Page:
• Find Another Source of Income - Are you an excellent writer? Do you have an eye for graphic design? Perhaps you can knit really well and think your pieces can be sold? In the digital age, a lot of money can be made online. Maybe you can start a side gig as a freelance writer or graphic designer and book jobs online. Set up an Instagram account or a Shopify store and use it as a platform to sell your knitted pieces.
  • Manage Your Debt and Don’t Take On More - Look at ways you can lower your rates. Call your credit card company and see if they will accommodate you should you ask for lower interest rates. Chances are they probably will if you regularly pay your bills on time and your account is in good standing. You can also transfer balances from your higher-interest rate cards to a lower interest rate card to further decrease your monthly payments. Moreover, avoid making huge purchases using your credit card or taking on new loans for major purchases. Taking on new loans will just drive up your DTI ratio even more. Work on paying off your existing debts first before you decide to take on a new one.


Does My DTI Ratio Affect My Credit Score? 

Your DTI ratio has little bearing on your actual credit score. But it’s important to remember that your credit utilization ratio accounts for 30% of your credit score—and if you have a high DTI ratio, it’s most likely that you have a high credit utilization ratio. 

Credit utilization ratio is the outstanding balance on your credit accounts versus your maximum credit limit.

To give you a better example: 

Say, your credit limit is $3,000 and you have a balance of $1,700. This would give you a 57% credit utilization ratio. You want to keep this number below 30% when you’re applying for a loan. 

It’s important to lower this number because not only will you be paying down more debt, but this will also boost your credit score and lower your DTI ratio. Getting a secured credit card is an alternative way of building your credit score.


Calculate Your Debt-to-Income Ratio in 3 Easy Steps  

This percentage is calculated by dividing your monthly debt payments by your monthly gross income.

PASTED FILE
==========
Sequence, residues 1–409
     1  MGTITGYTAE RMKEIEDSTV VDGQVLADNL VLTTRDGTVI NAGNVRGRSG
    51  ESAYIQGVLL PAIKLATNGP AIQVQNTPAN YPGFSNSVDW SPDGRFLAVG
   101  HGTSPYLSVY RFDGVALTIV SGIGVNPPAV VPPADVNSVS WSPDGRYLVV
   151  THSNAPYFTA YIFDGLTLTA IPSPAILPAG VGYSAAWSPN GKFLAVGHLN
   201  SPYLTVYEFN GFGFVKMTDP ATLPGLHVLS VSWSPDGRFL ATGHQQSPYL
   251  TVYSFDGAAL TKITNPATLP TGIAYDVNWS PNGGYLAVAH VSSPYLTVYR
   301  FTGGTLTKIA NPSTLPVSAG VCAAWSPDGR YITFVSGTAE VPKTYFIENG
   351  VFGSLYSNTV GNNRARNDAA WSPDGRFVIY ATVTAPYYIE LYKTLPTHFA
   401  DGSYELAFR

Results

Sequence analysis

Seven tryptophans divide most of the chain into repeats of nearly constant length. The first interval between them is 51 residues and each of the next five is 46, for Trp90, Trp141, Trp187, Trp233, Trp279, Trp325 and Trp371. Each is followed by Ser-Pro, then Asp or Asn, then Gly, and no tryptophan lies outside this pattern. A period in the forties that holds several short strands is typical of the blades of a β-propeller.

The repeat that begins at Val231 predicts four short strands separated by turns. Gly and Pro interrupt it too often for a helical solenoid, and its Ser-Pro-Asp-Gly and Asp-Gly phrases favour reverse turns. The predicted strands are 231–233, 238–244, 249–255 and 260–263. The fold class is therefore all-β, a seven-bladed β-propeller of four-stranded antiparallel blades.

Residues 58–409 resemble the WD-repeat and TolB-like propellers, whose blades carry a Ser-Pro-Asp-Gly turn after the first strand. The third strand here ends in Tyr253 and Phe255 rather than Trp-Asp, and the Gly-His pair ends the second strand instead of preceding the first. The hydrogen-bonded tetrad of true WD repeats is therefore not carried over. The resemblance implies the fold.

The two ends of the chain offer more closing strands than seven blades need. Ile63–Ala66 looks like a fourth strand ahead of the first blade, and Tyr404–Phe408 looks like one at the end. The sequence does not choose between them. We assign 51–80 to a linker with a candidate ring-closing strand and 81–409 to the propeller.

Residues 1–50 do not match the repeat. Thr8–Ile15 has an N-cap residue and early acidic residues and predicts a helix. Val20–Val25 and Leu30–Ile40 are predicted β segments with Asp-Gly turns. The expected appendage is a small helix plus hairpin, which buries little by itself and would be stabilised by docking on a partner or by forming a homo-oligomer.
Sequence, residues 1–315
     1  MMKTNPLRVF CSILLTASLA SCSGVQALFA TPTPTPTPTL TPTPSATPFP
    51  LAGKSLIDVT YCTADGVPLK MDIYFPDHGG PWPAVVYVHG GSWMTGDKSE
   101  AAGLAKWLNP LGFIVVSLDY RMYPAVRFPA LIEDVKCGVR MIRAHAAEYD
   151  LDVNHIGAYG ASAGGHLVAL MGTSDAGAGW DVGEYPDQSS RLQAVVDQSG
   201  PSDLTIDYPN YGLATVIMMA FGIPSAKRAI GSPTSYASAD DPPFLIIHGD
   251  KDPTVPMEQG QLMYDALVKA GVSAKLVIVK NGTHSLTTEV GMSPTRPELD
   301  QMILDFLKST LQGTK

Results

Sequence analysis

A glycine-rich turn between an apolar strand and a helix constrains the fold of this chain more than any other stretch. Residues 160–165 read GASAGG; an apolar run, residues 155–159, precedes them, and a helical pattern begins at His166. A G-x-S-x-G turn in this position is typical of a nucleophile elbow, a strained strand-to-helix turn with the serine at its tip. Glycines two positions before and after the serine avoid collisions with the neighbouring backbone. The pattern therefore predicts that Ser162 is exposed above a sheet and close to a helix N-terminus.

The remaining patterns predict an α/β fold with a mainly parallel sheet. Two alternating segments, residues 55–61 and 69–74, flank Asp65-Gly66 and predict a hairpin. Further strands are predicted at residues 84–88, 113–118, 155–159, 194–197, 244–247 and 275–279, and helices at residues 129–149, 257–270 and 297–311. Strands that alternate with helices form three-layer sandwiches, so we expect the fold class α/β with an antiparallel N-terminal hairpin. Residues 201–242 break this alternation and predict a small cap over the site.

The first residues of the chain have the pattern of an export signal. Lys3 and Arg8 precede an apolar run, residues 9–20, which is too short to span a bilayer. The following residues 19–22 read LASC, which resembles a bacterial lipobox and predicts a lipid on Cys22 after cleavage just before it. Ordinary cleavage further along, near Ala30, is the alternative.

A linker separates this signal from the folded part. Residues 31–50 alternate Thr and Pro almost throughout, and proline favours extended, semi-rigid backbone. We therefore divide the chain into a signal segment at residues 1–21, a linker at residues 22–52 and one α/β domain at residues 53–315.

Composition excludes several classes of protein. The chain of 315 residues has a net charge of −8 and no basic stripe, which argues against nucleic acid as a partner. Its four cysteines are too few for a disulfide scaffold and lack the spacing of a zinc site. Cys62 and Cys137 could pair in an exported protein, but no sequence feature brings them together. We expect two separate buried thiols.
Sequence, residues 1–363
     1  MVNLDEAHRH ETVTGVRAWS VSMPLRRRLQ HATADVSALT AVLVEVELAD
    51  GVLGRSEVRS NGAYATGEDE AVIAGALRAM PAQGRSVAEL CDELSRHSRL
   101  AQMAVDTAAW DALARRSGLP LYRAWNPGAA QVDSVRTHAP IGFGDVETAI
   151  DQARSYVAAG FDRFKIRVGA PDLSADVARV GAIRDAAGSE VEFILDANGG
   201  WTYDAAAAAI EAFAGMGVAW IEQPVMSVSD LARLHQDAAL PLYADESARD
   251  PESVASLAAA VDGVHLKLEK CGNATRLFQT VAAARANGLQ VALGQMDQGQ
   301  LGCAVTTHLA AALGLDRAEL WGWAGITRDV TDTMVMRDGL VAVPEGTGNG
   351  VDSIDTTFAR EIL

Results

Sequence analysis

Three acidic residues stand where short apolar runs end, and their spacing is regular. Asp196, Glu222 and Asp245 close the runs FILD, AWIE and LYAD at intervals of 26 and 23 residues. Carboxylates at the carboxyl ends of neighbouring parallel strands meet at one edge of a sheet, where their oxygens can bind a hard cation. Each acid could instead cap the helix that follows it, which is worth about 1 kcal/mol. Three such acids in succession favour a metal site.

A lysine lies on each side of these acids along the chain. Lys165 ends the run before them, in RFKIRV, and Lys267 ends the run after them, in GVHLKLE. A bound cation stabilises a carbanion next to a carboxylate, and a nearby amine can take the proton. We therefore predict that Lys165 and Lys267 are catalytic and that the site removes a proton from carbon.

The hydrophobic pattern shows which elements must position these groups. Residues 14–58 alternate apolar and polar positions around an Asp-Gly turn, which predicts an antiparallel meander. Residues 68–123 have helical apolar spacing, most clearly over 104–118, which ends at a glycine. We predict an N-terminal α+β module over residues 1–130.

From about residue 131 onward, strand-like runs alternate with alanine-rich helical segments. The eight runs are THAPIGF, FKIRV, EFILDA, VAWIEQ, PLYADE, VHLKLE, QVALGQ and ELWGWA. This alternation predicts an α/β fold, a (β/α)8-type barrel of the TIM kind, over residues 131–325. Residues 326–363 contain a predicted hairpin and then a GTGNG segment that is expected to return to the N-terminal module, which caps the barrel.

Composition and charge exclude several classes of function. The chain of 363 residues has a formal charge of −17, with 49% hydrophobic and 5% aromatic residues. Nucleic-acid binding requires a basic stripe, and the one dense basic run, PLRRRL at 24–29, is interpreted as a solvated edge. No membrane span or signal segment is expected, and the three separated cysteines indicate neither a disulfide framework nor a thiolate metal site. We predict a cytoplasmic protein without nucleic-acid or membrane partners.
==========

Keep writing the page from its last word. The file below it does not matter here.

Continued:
1. Add up all of your monthly debts. Monthly debts include: rent or mortgage payments, student loans, personal loans, auto loans, credit card payments, child support, alimony, etc.—basically anything that you’re required to pay on a monthly basis. Write this number down. 
  2. Figure out your monthly gross income and write it down as well. 
  3. Divide the sum of your monthly debts to your monthly gross income. For example, if you have monthly debts amounting to $3,500 and your monthly gross income is $7,200, the quotient is 0.4861. Convert the final figure to a percentage and round the number up if necessary. In the example, 49% is your final debt-to-income ratio. 

Keep in mind that other monthly recurring bills such as utilities (water and electricity), gas money, groceries, insurance premiums, healthcare expenses, etc. are not part of this calculation.

And just because you qualify for a loan doesn’t mean you can actually afford the monthly payment that goes with it, as you have to take into account the amount of money that goes into these expenses when considering your entire budget.


Final Thoughts 

Now that you understand what the debt-to-income ratio is and how it affects your financial standing, it’s important to be mindful of your spending habits and your debts, especially if you’re considering applying for a credit card or loan sometime in the future. 

121 Financial Credit Union has been in the business for over 85 years, serving the people of Jacksonville, Florida. We are extremely dedicated to delivering highly personalized financial services that benefit our members and our community.

We’ll be more than happy to go over your numbers and give you the best advice on what your next best steps are regarding your current situation.